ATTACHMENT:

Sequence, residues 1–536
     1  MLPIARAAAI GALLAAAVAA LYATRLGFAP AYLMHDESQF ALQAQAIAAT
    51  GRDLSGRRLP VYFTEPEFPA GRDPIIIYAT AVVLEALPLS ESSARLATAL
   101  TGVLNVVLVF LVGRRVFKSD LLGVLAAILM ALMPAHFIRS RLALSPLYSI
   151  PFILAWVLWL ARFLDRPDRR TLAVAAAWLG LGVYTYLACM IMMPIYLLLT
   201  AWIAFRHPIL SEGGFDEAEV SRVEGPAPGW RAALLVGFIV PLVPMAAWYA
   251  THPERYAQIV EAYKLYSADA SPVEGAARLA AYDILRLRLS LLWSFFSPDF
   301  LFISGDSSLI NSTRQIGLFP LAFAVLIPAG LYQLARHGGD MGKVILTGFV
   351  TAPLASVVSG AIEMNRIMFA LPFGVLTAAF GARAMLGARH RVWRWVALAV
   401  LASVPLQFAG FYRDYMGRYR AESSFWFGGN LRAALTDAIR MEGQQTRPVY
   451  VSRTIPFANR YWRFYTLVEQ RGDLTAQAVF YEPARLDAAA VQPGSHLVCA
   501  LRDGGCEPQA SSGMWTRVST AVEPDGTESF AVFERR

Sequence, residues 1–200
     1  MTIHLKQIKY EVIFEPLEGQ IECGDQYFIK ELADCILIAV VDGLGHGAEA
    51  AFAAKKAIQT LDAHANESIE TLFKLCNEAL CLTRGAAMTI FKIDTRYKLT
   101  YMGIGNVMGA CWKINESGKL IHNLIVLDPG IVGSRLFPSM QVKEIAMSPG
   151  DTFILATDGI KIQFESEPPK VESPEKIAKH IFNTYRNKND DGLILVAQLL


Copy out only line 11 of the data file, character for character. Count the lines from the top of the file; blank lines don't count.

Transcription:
   451  VSRTIPFANR YWRFYTLVEQ RGDLTAQAVF YEPARLDAAA VQPGSHLVCA